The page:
As a teenager and in early adulthood, I threw myself into massive projects without a second thought. Create my own video game, doing all the design, programming and graphics? Check. Start my own company, with no business experience or outside capital investment? Check. Take on the status quo of the political system, to render sweeping changes to the legal code to make the world a better place? Oh yeah - check.
This worked out well, but not because I achieved these goals; but rather because, in trying to do so, I developed all sorts of useful skills and knowledge. If I had grasped the massive scale - and in fact, virtual impossibility - of these endeavours beforehand, I probably never would have even started. That would have been a shame, because I would have robbed myself of all the benefits of skill, experience, and wisdom I gained from the process.
Today I’m more jaded. I have a very good idea of just how hard it is to do something like the items mentioned above. I also have a very long list of things I’d like to do; long enough that there’s no way I can squeeze all of it into one lifetime. The weight of possibility weighs down on my shoulders, which sometimes has a paralyzing effect. I am now much more cautious about starting new projects, especially big ones.
But everything in life really worth doing is a challenging, time-and-energy consuming affair. If the wisdom to envisage a potential endeavor’s true cost in time and energy carries too much weight, then one will never do anything worth doing. I think I see this in many older people; without the exuberance and ambition of youth to drive them forward, they retreat to a path of lowest possible energy expenditure, where they only pleasure in life comes from simple comforts and luxuries. At least for me, that’s no kind of life.
I’ve learned to counter this by being highly selective in the projects I undertake. Not only do I run a mental cost-benefit analysis up front, but on an ongoing basis while I am in it. How do I really stand to benefit from the fruits of my labor, and how do those compare to a realistic assessment of the resources that I’m going to expend?
An important tool here is visualization. (I’m going to try to keep this from sounding like a corny self-help seminar, but no promises.) Imagine what you it will be like when you achieve your goal. How will the audience of your project react? What will people that you respect - friends, family, colleagues - say when they see it? And most importantly: how will you feel? Visualizing the outcome should get you excited and motivated. If it doesn’t, then you might need to think about changing the project’s parameters, or perhaps finding a new one altogether. Just thinking that the project will be a good one isn’t enough. You have to feel it.
(Whew, enough of that. Back to my usual cold pragmatism.)
Now that you’re certain you’re on the right project, the next step to a happy outcome is aggressive feature-cutting. A few years ago my projects tried to include every bell and whistle I could think of. But that means you never finish. Instead, par it down to the bare minimum of components, the absolute essential core of what you are trying to achieve. If it’s a business, outsource everything you can. If it’s an art project, throw out any elements that don’t work well or don’t contribute very directly to the vision of the piece. If it’s a political movement, focus on a key issue and some small, achievable effect that takes a baby step toward the final goal of your utopia.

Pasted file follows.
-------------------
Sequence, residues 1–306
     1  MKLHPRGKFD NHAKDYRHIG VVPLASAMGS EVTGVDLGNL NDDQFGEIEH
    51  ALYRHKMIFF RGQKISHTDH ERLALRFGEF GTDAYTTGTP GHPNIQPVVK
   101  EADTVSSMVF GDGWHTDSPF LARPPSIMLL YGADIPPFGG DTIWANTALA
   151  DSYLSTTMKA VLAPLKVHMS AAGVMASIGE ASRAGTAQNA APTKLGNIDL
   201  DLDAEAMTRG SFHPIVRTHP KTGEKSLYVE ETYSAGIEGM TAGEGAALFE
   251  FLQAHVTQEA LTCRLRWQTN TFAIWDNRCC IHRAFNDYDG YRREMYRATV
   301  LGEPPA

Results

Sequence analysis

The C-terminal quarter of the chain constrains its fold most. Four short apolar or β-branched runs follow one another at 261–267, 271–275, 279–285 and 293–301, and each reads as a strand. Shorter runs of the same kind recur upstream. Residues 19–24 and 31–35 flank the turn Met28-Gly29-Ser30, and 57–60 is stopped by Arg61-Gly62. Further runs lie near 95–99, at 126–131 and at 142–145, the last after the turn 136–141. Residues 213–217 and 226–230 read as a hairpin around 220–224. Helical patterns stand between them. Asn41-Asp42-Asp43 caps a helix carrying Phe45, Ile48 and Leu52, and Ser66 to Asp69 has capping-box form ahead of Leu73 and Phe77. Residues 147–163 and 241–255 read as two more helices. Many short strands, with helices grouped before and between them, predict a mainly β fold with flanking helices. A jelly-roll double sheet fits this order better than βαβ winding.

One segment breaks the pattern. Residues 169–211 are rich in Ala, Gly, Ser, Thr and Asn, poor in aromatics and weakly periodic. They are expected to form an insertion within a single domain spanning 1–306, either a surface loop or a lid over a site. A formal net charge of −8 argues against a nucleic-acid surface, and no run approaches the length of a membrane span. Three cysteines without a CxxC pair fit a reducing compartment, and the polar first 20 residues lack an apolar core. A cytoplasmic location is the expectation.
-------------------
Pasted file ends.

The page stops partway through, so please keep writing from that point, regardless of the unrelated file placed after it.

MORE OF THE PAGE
Feature-cutting is hard to do. You have to mercilessly chop up your creation, carving it straight down to the bone, until you are left with the absolute minimum of what can stand on its own. Idealistic young artists, businessmen, etc don’t realize this and insist that every little bell and whistle is vital to the project’s success. But they are almost always wrong. What’s vital is getting something that achieves the vision - in however limited a way - out the door and into the world, and then having the opportunity to get feedback from the target audience and use that to refine and improve the finished product.
I once explained this to a friend as follows. Draw a 4 x 4 grid on a piece of paper or whiteboard, like this:
In the upper left, write down components of your project that are absolutely critical, and easy to do. In the upper right, put components that are important, and easy to do. In the lower left put components which are difficult or time-consuming but critical, and in the lower right components that are difficult and important.
Now take the lower right corner and throw it away. You will never do these items.
Next take the lower left and the upper right and put them on a “maybe, but probably not” list. You may have time for one or two of your favorites from this list, but mostly you won’t be doing any of them either.
Only things in the upper left corner are likely to get done. That is, if you want to finish the project at all. If you want to flail away ineffectually at it forever, then by all means do ignore this advice.
Now this isn’t to say that you should never try to do something that is difficult. Obviously you will. But it’s a way to counter the incredible optimism that you may feel about a project at the start, and force yourself to be realistic about achievable goals. Things you think are easy will actually turn out to be hard, so things that you think are difficult may be nigh-well impossible.
Hang on to the list of components from the other quadrants that you threw out. Chances are that it was painful to make the cut at the time. You may have said something like “No, wait, we have to have that! It’ll suck without it!” But come back and look at that list after your project is done, and you’ll be surprised how superfluous those items will seem.